What happens to a cat after being exposed to FeLV?
If the cat becomes infected from exposure to FeLV, 2-4 weeks later, in the acute stage of infection, large numbers of the virus can be found in the bloodstream (viremia). Cats in the acute phase may not show signs of disease. If they do, the signs are usually fever, lethargy, diarrhea and swollen lymph nodes (lymphadenopathy). When a cat is exposed to FeLV, several things can happen:
- Some cats will not be infected due to inadequate exposure and a good immune response.
- Some cats will develop a latent infection; these cats will not be able to destroy all of the viral RNA and DNA, but will be able to hold it in check. This is called a latent or regressive infection. These cats show no signs of infection and usually do not shed virus in their saliva or other body secretions.
- Some cats will become persistently infected; these cats will not develop an adequate immune response and will remain permanently infected with FeLV. This is called a progressive infection. These cats will shed large amounts of virus in their saliva and often develop FeLV-associated diseases within a few years.
What diseases are associated with FeLV infection?
FeLV can cause:
- Weight loss
- Immunodeficiency and infections
- Immune-mediated diseases
- Reproductive problems
- Gastrointestinal disease
- Neurologic disease
- Platelet disorders
- Lymphadenopathy (enlarged lymph nodes)
- Respiratory and eye problems
- Oral disease
ImmunodeficiencyFeLV can decrease the effectiveness of the immune system and result in increased susceptibility to bacterial, fungal, protozoan, and other viral infections. Feline Infectious Peritonitis (FIP), for instance, is much more common in FeLV-infected cats. The first indication of FeLV infection in some cats is recurrent bacterial infections of the mouth. Recurrent skin or respiratory infections can also occur.
AnemiaFeLV often affects cells in the bone marrow. As a result, most FeLV-infected cats have a nonregenerative anemia.
Immune-mediated DiseasesLarge amounts of the FeLV antigens combine with the cat's antibodies and form complexes which can be deposited in the kidneys, blood vessels, or joints.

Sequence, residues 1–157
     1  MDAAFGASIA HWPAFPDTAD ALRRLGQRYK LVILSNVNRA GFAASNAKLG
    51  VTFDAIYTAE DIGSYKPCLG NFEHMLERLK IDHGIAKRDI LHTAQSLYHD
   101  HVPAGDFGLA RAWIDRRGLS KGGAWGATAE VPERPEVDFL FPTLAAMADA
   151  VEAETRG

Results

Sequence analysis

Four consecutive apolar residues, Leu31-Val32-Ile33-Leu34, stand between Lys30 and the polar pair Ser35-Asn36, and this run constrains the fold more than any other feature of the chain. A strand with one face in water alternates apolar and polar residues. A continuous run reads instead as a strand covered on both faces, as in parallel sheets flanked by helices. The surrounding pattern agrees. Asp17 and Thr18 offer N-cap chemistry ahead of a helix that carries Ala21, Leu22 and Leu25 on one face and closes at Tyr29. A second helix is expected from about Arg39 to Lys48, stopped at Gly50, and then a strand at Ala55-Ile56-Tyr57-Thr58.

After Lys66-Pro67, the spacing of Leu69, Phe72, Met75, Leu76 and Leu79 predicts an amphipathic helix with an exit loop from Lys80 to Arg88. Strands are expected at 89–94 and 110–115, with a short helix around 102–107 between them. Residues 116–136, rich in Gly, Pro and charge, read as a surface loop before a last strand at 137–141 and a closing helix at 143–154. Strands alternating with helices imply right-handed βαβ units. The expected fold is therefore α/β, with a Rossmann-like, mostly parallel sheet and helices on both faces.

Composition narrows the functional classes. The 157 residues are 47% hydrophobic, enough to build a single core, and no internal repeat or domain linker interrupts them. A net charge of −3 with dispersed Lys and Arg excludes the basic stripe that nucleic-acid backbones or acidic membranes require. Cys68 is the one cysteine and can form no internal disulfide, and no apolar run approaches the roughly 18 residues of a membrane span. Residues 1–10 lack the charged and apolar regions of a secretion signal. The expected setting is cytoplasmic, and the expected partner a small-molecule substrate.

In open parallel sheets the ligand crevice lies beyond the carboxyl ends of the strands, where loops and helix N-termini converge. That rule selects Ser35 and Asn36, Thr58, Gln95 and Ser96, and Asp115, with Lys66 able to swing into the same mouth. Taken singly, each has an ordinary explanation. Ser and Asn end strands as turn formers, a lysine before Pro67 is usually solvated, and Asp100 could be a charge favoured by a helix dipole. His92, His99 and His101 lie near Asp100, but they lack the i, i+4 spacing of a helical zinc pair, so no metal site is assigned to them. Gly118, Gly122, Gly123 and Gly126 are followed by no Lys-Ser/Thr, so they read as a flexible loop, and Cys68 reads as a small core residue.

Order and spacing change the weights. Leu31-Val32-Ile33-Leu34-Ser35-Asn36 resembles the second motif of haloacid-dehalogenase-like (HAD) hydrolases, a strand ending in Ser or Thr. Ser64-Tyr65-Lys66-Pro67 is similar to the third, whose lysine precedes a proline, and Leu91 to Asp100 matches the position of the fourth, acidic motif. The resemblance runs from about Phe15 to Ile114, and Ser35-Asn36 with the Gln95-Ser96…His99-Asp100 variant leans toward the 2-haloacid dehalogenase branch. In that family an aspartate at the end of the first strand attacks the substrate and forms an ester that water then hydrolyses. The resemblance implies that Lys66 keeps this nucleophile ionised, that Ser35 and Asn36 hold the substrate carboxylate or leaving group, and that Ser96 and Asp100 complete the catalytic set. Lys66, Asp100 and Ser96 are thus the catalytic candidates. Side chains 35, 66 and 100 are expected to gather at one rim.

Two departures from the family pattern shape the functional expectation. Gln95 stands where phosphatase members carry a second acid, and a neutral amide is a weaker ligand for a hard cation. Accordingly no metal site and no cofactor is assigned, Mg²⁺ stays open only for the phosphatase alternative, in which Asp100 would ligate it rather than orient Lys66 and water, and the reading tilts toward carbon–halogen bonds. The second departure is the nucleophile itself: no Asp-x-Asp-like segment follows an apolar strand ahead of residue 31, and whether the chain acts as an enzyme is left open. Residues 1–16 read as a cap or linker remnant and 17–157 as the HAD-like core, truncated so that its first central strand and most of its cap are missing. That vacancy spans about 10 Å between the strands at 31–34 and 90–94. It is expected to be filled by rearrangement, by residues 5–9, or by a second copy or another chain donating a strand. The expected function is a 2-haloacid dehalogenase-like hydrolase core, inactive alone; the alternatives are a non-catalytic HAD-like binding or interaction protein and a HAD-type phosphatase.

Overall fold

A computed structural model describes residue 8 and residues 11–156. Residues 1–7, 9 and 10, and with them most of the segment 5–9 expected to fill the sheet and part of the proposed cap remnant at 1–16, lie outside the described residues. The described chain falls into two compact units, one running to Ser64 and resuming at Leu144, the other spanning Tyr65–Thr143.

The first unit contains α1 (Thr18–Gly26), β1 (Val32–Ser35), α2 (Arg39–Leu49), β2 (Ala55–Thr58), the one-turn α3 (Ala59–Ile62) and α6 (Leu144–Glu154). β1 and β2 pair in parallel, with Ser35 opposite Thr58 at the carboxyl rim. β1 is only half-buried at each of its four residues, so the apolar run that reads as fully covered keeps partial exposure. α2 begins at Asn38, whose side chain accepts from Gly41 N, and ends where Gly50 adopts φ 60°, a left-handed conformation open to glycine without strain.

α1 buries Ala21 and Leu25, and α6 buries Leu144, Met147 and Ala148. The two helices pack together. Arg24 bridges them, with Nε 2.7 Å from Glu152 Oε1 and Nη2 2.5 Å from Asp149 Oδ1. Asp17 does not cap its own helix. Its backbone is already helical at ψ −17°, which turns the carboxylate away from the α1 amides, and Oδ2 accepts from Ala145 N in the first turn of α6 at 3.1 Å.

Reproductive ProblemsFeLV infection is often associated with infertility in cats. Abortions, stillbirths, and fetal resorption are also more common in FeLV-infected queens. "Fading kitten syndrome" may result from FeLV infection of the fetuses or newborn kittens.
Gastrointestinal DiseaseFeLV-caused cancers of the stomach or intestines. FeLV-associated changes in the intestinal wall can cause anorexia, vomiting, diarrhea, and weight loss. Parasites and bacteria more commonly multiply and cause diarrhea in FeLV-infected cats.
Neurologic DiseaseSeizures, blindness, paralysis, changes in behavior, and ataxia (loss of balance) can be seen in FeLV-infected cats. These symptoms may be caused directly by FeLV or by parasites (Toxoplasma gondii) and fungi (Cryptococcosis), which occur more often in immunosuppressed animals.
Platelet Disorders: A decrease in the number of platelets, (thrombocytopenia), or a dysfunction of platelets sometimes occurs in cats infected with FeLV.
LymphadenopathyLymph nodes in the abdomen and other parts of the body are often enlarged.
CancerApproximately 30% of FeLV-infected cats will develop cancer. Usually, the cancer is in the form of tumors of lymphocytes or red blood cells, and includes lymphosarcoma, lymphoid leukemia, myeloid leukemia, and erythremic myelosis. Not all cats infected with FeLV will develop leukemia or lymphosarcoma, and not all cases of leukemia and lymphosarcoma are caused by FeLV.
Respiratory and eye problemsCats may show signs of upper respiratory disease, especially nasal discharge (runny nose). Eye discharge may also be seen.
Oral diseaseUlcers in the mouth and infections of the mouth (stomatitis) and gums (gingivitis) are common.